[Haskell-cafe] How Albus Dumbledore would sell Haskell

Paul Johnson paul at cogito.org.uk
Wed Apr 18 16:38:42 EDT 2007

Dan Weston wrote:
> Simon (aka Dumbledore) is speaking to four different Houses: 
> scientists (Ravenclaw), engineers (Hufflepuff), entrepreneurs 
> (Slytherin), and managers (Griffindor). 
Agreed, although perhaps there are two groups of scientists: Computer 
Scientists and Other Scientists.  Dan describes Computer Scientists.  
The Other Scientists see programming as a tool to solve larger problems 
such as analyzing data and simulating things.  They have a very 
pragmatic view, but their nightmare is buggy programs.  See for instance


This kind of thing can be very damaging to a scientist's career.  
Haskell has three big selling points here:

1: The type system helps to catch errors.  Dimensional analysis can be 
done in the type system.

2: The programs are shorter.  Hence less scope for errors.

3: Haskell is very close to the underlying mathematics.  What you know 
is what you type.  Recursion and equational reasoning will appeal to 
Other Scientists because that is how they think anyway.

> You cannot win over the entrepreneur with promises of "easier and more 
> robust". This translates to "anyone can do it" and the valuable "trade 
> secret" of arcane wizardry is now devalued.
I suggest reading extracts from "Beating the Averages" by Paul Graham.  
Then explain that Graham only wrote in Lisp because his university 
didn't teach Haskell.

> Risk is scary for managers. 

Selling new technology to managers is the hardest thing there is to do.  
The only way to get any traction is to find a problem they already know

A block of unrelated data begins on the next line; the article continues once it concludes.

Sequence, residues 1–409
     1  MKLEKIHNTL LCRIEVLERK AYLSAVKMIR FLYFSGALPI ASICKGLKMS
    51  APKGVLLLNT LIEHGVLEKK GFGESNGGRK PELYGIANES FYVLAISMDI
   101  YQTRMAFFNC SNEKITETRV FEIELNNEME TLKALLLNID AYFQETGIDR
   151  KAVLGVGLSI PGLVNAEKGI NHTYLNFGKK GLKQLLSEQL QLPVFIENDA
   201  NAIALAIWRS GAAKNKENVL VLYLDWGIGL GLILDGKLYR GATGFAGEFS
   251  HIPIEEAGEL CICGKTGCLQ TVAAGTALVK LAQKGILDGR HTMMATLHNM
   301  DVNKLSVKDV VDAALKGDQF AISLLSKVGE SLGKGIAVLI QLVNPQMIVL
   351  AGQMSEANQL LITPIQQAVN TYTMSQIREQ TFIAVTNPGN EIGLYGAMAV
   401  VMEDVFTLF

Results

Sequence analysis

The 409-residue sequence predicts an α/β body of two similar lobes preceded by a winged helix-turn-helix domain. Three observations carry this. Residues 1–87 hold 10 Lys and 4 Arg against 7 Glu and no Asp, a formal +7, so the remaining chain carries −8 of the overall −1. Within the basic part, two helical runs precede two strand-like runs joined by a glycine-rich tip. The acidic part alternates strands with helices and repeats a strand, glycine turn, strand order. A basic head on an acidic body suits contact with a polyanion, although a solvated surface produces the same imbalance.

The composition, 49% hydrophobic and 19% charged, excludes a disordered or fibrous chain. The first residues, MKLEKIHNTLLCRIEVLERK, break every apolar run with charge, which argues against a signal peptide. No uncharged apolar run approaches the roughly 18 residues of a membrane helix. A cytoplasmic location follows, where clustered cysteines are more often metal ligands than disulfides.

they have, and then present a solution.  That will get their attention.  
Anything else will go in the "clever but irrelevant" bin.

The biggest problem that software managers have is the unpredictability 
of development.  Managers (especially middle managers) don't actually 
care how much it costs; they just care about meeting their budgets and 
deadlines.  The big nightmare is software that never works reliably, so 
you might get some traction by talking about composability as a way of 
reducing integration risk.  However its a bit difficult to draw a 
straight line from closures to the integration of 100 kSLOC.  If they 
don't follow the argument then you've lost it.

Senior managers do care how much it costs, just not very much (except 
for software houses, their businesses are generally dominated by other 
costs).  If you can make a strong cost reduction argument then you will 
get at least some traction.  Show how cost is proportional to SLOC.  
COCOMO II demonstrates this clearly.  Then demonstrate how few SLOC you 
need to do something in Haskell.

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